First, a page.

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In what way can we look at fiction as history? Give suitable examples.(Explain in 600...

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jenajaya | Student | eNotes Newbie

Posted March 15, 2011 at 1:08 PM via web

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In what way can we look at fiction as history?

Give suitable examples.(Explain in 600 words)

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prishi12 | High School Teacher | (Level 1) Salutatorian

Posted February 21, 2012 at 6:15 PM (Answer #1)

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In fiction burden of proof is less important in fiction. Rather, the emphasis is on the use of the author’s imagination and writing style to depict their own version of event or character. History on the other hand, is a continuous, systematic account of events relating to people, country, period etc and is usually written in chronological order.

History as we see is a long continuous process without a clear tangible beginning as well as an end. It goes on unfolding itself beyond its specific actors of a period, its men and women who are active within it to influence and change it. On the other hand, a work of fiction begins at a particular point of life in society and ends at another point.

However, shaping of a piece of fiction - like a poem, a play, a drama or a novel; takes certain amount of truth from the existing circumstances of the author. These circumstances may include social issues, cultural and religious beliefs, economic trends etc of the time that the author has lived in.

Novel - Over the Centuries

English novel came into existence in the beginning of 18th centurywith the emergence of new middle class. Novelists showed interest in the newly emerged complex middle-class characters who were struggling with their morality and social issues.

The first half of the 19th century was influenced by romanticism and the focus was on nature and imagination. Gothic (horror) and romantic novels were written during this time. Jane Austen wrote highly polished novels about the life of the landed gentry and social issues like marriage and property from women’s perspective.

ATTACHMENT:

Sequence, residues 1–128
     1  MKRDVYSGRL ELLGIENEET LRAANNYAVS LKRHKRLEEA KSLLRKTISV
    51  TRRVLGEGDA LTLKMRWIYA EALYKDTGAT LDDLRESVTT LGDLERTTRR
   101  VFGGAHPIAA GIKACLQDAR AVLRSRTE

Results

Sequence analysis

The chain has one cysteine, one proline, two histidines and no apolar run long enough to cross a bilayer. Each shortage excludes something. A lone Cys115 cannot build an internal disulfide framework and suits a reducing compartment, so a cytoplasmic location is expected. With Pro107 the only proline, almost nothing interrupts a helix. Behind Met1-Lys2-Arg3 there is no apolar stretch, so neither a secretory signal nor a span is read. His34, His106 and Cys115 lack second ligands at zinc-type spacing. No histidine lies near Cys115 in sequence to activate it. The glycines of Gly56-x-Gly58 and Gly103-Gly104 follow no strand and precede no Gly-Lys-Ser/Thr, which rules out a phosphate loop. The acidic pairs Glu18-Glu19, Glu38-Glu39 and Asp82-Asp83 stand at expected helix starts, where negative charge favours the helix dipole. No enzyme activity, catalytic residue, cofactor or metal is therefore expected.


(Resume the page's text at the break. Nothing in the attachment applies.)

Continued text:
In the period between 1837 to 1901, the Victorian novelists became popular. They portrayed middle-class, virtuous heroes responding to harsh society. Stories of working class poor people were directed to incite sympathy. Charles Dickens emerged as a literary figure and wrote about London life and struggles of the poor in Oliver Twist.

In the early twentieth century, Rudyard Kipling wrote highly versatile novels, short stories and poems, often based on his experience in British India. E.M.Forster also wrote A Passage to India which reflected challenges to imperialism. Novels from this era reflected great world events such as The Great Depression, World War II, Hiroshima, The Cold War and Communism. Crime, political and military confrontations were the areas of novelists and readers interest.

By looking at the history or genesis of novel in England above, we realise that author’s of different eras have provided the readers with a glimpse, if not a complete picture of a society, economic trends, cultural and religious beliefs of the time they wrote in. They covered varied subjects in their work starting from romances to naturalism, marriage and property, middle-class and landed gentry and so on.

Over the centuries, novel or fiction presented the readers with a telescope to peer back into the world history - their own and other’s culture. It is true that fiction is the work of author’s imagination and the characters and situations are all ‘made-up’, however, they tend to take up certain amount of truth from their social surroundings. 

Fiction has gradually started resembling history and history has become an all-important subject of fiction. Since, author’s work is not entirely based on imagination and takes up events, characters and issues from the real world, we can safely conclude that history is a significant part of fiction.













































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